Tuesday, October 28, 2014

In Which I Review Sleepy Hollow (2x6)

And when you gaze long into an abyss, the abyss also gazes into you
--Fredrich Nietzsche

Well, that's terrifying. Are these creatures running around the wilds of America? I mean, the Winchester's have met them and now Ichabod and Abbie go up against one? In other words, run for your lives, the Windigos are coming. This weeks episode, "And The Abyss Gazes Back" (fantastic title) touched on something that I made a point of a few weeks back (go me): be careful not to turn into monsters when you yourself are fighting monsters. Sleepy Hollow went a step further than I did and actually made someone turn into a literal monster to prove their point, but one, I don't have that kind of superpower and two, it all worked out in the end. As it so often does on Sleepy Hollow. The major theme of this weeks episode, though, is really about staring into the abyss and seeing what kind of person you are. Did you inadvertently ruin someone's life? Are you a good man? Is there a monster lurking just beneath your breast? And if you gaze too long, do you risk losing your self to the darkness?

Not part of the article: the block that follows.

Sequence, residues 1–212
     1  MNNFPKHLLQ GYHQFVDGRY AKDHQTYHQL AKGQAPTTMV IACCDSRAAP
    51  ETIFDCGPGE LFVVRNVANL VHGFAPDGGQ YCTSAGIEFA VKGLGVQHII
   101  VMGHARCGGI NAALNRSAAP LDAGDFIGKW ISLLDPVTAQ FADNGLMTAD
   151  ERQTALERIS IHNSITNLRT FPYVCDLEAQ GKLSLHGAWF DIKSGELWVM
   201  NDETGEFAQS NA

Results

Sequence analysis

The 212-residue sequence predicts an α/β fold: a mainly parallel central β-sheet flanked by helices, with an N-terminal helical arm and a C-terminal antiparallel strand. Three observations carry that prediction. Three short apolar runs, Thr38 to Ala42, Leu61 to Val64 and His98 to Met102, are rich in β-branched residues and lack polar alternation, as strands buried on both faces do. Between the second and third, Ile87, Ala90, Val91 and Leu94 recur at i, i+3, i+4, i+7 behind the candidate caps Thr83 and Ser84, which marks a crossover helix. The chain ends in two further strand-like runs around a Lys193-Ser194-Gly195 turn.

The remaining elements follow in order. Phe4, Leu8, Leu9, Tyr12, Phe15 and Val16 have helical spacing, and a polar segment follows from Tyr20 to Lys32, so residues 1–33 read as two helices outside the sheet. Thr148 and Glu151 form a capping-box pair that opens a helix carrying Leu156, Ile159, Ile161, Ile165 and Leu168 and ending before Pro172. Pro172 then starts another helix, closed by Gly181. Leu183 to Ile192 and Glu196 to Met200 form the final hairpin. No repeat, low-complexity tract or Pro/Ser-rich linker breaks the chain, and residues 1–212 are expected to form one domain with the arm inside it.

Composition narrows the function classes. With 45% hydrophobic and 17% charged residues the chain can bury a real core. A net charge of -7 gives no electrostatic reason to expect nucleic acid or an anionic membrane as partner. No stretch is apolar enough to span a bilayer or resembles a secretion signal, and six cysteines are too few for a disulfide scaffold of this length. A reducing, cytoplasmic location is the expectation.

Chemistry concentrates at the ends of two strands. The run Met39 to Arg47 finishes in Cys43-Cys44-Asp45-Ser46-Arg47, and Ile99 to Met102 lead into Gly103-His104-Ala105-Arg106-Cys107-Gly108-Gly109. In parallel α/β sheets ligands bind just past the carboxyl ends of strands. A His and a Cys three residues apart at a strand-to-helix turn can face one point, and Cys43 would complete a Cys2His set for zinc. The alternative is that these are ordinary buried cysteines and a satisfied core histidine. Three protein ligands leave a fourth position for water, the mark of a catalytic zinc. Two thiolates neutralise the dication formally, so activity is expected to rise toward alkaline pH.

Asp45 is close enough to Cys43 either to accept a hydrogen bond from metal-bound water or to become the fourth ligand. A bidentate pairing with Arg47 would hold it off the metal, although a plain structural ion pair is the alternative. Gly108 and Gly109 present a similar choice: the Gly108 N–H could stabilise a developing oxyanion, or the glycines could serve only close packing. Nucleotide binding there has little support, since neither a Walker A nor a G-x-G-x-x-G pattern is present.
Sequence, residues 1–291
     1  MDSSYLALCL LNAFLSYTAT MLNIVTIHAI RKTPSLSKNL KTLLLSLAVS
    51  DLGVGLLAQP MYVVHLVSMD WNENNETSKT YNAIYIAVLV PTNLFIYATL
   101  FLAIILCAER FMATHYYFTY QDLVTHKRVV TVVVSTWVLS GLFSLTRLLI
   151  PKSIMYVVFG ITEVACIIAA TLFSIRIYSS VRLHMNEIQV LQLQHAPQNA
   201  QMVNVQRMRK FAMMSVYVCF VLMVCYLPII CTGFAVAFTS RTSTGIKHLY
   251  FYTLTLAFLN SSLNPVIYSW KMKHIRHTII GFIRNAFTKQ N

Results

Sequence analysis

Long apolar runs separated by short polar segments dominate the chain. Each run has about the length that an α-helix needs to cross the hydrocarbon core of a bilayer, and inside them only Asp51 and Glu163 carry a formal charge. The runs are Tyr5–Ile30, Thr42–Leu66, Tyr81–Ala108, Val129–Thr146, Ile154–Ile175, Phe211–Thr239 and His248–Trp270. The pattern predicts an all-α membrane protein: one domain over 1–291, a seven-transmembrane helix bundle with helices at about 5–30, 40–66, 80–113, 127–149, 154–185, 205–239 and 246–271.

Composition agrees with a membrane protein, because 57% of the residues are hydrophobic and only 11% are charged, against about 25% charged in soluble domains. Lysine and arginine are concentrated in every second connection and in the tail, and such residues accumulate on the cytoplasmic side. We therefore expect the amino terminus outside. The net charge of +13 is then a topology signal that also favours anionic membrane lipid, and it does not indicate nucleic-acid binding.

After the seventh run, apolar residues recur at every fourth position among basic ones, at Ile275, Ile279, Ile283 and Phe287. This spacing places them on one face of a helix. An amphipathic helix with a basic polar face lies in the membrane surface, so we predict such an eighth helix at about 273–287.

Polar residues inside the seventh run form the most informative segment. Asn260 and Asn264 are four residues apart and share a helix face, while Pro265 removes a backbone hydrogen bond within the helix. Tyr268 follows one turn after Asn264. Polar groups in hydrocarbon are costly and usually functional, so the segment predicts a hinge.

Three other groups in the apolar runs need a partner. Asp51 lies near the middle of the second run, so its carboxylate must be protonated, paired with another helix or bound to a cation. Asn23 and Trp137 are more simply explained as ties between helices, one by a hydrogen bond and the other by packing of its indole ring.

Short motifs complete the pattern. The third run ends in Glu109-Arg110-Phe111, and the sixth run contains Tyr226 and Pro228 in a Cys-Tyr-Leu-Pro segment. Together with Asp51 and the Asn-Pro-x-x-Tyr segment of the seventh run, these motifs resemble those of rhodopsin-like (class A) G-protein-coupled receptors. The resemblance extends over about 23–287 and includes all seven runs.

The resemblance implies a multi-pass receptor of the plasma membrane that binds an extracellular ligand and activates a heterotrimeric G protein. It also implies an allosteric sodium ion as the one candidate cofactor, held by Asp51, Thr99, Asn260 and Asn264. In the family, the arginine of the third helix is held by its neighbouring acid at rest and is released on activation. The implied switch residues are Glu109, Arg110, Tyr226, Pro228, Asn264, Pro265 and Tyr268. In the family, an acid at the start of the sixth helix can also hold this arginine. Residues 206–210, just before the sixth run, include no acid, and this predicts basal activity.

Ok, prepare yourselves, folks. We are going to get deep. I mean, this next sentence is going to be so deeply philosophical it will make Mr. Nietzsche weep. Dear GOD, Ichabod Crane looks good with his hair down. I mean, damn son.  Is he speaking? Is there action? Is there something plot or mythic happening of which I should be aware? I honestly have no idea because Ichabod Crane looks like a delicious nighttime snack and I'm a glutton. Yes, I am objectifying him right now but the writers and costumers and hair stylists did this for a reason. Lead actor Tom Milson looks damn fine in period drag and then they went and did this thing with his hair and...I am supposed to be reviewing, aren't I? Deep thoughts on an otherwise somewhat silly show. With yoga having failed to relax Ichabod, Abbie and the man-of-gorgeous-hair set off to a tavern to partake of ale--please tell me it's Sam Addams ale. While there, they run into an old friend of Abbie's--one Joe Corbin, son of the late Sheriff Corbin. Do you remember him? It's been awhile, I know. Corbin was Abbie's former partner who taught her everything she knows after he took her in as a charity case when she lost her mom. He was killed in the pilot by the Horseman and knew a great deal about the secret goings on of Sleepy Hollow and most of the information gleaned about local mythology comes from his extensive records and notes. I enjoyed that the show brought something up from the past. It shows that they remember their own mythology and history and aren't afraid to remind their audiences. Viewers aren't stupid; we are capable of remembering quite a bit. Back to Joe and Abbie; short version, they used to get along and now no longer do. He blames her for the death of his father because there was so much Abbie couldn't talk about that night. After a Headless Corpse on a horse chops off your father-figure's head, would you talk about it? Nope. Joe's got a bit of a problem, you see. He's...cursed. Not always, of course. It's a recent curse. You see, poor tortured and sad Joe Corbin is a Winidgo.